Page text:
- Associated Press - Friday, February 19, 2016

SAN DIEGO (AP) - Tijuana businessman Marco Cruz had grown accustomed to the lengthy checks by U.S. officials before entering the United States, but he was surprised he now had to scan his documents and stand in front of a futuristic-looking machine that read his the iris of his eye and facial features on his way out of the country.

The federal government is using biometric technology for the first time to verify the identities of foreigners leaving the United States on foot - a trial move aimed at closing a longstanding security gap, officials announced Thursday.

Before now, foreigners who left the country were rarely checked by U.S. authorities as they walked into Mexico or Canada through ports of entry.

“It’s fine as long as it’s fast and easy,” said Cruz, who works for a Customs broker and crosses up to three times a week.

He was relieved to find the process took only seconds.

The checkout system that launched Feb. 11 at a busy San Diego border crossing with Mexico aims to detect people who have overstayed their visas.

“That’s what we want to be able to do, is know when the person entered the country and know when they leave,” said Charmaine Rodriguez, assistant port director of the Otay Mesa cargo facility.

Up to half of the people in the U.S. illegally are believed to have overstayed their visas. During the trial run, foreigners who have overstayed their visas will be allowed to continue on to Mexico, with a note on their record, officials said. Those with criminal records or warrants could be detained.

Border officials in December started collecting the same information on non-citizens walking into the U.S. through the Otay Mesa crossing connecting Tijuana and San Diego.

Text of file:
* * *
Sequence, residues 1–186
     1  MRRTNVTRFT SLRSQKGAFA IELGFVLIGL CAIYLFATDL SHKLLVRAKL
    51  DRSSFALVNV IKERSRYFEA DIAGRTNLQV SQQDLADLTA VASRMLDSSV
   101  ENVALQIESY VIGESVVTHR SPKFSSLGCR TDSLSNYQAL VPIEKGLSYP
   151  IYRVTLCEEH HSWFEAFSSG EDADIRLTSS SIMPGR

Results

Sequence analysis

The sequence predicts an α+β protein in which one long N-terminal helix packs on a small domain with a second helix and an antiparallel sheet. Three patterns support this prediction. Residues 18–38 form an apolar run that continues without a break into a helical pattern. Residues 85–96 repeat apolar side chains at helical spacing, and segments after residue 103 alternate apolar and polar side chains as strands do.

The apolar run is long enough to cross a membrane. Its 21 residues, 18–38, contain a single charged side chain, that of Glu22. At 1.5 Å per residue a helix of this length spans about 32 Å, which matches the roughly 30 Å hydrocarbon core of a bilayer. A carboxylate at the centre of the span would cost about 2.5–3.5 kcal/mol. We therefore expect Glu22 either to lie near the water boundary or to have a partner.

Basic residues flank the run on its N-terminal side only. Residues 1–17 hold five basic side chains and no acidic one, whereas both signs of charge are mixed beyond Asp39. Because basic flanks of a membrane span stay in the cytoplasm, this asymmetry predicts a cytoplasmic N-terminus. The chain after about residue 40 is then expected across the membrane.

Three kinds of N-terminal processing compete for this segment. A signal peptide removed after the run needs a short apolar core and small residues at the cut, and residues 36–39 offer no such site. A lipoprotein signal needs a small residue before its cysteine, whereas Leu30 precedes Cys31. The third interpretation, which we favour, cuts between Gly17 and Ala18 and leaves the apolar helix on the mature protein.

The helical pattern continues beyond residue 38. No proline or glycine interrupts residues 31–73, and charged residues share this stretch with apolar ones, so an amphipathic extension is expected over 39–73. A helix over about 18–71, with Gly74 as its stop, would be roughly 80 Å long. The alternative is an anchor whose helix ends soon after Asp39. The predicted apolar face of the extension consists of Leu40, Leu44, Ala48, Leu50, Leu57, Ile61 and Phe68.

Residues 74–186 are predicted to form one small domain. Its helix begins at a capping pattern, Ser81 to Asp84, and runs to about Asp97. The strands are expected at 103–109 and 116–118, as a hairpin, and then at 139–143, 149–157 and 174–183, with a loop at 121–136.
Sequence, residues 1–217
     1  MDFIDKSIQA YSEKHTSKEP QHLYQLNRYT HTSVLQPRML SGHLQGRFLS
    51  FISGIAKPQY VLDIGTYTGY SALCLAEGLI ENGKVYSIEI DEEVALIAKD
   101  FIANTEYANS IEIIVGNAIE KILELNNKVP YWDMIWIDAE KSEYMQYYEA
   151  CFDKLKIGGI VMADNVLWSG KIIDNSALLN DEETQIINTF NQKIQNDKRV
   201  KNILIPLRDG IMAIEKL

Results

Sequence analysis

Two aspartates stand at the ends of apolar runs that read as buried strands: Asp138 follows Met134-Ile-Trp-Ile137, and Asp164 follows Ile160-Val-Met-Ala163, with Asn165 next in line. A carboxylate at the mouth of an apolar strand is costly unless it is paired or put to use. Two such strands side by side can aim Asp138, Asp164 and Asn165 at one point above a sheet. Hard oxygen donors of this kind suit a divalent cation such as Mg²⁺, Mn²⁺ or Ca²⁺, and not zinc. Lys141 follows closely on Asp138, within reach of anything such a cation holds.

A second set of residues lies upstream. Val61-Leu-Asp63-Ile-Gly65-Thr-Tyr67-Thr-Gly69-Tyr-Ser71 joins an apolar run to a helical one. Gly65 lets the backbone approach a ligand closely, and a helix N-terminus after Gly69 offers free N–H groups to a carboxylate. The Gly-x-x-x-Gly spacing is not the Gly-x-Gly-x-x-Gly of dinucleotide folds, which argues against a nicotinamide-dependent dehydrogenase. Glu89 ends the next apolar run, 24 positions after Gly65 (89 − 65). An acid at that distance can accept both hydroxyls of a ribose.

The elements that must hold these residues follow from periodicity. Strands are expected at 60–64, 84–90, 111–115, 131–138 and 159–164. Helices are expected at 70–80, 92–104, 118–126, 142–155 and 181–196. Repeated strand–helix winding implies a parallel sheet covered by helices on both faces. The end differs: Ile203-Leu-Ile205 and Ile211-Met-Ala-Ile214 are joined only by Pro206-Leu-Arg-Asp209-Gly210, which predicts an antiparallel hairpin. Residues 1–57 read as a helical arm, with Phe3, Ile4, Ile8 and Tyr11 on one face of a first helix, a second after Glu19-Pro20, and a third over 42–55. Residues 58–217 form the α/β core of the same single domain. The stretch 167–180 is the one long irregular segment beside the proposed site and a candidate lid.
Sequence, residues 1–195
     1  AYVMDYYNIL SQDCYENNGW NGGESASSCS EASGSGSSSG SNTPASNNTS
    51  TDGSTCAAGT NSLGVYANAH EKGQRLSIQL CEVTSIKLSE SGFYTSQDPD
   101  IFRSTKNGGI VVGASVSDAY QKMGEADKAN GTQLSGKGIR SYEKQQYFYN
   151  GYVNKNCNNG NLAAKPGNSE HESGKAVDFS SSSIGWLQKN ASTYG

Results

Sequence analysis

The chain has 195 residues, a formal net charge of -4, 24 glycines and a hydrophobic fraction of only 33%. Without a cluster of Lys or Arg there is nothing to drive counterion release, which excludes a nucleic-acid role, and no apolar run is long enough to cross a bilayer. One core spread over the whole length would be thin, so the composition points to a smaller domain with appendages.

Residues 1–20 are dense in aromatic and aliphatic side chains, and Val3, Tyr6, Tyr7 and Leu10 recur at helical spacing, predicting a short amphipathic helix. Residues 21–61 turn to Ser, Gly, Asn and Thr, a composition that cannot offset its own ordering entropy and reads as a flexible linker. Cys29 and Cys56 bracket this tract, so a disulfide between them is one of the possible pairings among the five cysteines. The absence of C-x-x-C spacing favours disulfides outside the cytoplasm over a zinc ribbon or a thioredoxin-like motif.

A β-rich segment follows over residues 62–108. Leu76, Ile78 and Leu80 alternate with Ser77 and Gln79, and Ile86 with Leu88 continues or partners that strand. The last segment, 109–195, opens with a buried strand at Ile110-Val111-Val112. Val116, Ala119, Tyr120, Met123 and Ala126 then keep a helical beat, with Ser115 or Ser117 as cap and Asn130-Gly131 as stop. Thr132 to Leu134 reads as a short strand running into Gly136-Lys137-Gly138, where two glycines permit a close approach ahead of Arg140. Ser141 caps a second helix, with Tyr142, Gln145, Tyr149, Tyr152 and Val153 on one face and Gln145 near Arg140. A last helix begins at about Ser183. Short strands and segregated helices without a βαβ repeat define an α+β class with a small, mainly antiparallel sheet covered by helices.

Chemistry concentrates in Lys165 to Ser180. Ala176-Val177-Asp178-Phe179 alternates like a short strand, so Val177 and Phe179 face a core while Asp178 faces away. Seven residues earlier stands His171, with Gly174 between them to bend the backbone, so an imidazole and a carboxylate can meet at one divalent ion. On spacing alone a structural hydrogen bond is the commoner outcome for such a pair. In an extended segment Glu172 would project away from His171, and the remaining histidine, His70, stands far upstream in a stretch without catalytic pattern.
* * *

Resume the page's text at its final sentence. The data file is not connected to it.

Congress has long demanded biometric screening of people leaving the country, but the task has posed enormous financial and logistical challenges at busy land crossings. Privacy advocates worry the data could be misused or fall into the wrong hands.

Some fear the additional screening will further clog already-congested border crossings, disrupting trade and travel. Authorities are using the trial runs to determine which technology is the fastest, most accurate and least intrusive in screening people coming and going at all land crossings along the 1,954-mile border with Mexico.

Otay Mesa was selected because it is one of the busiest border crossings. Final results are expected this summer, with the goal of expanding the checks to all land, air and sea ports.

A steady flow of people used the machines on Thursday, most taking only seconds to complete the process.

Ramon Rangel, a 29-year-old truck driver from Tijuana, walking with his bicycle scanned his documents, stepped onto painted footprints on the ground and looked up at a green light that registered his eye and facial features.

“I was surprised, but I think it’s a good idea for the U.S. to know who’s leaving and whether they have a visa,” said Rangel, who crosses regularly and said the extra checks were very quick.

Federal officials say they will not share or retain the data collected in the trial runs, but it is not clear how the information will be used if the program is adopted permanently.

Jay Stanley, a senior policy analyst at the American Civil Liberties Union, said the data will be increasingly shared with different agencies once it becomes the norm at checkpoints. More countries also may start using the technology on Americans to build their own biometric databases.

“There are a lot of questions I think policy makers need to be asking about how this will be implemented and how it will play out in the future,” he said.

Americans walking into Mexico will use a separate lane at the California crossing to scan their documents and register their departure. For the trial period, the government will use the biometric technology only on departing foreigners.

Copyright © 2018 The Washington Times, LLC.

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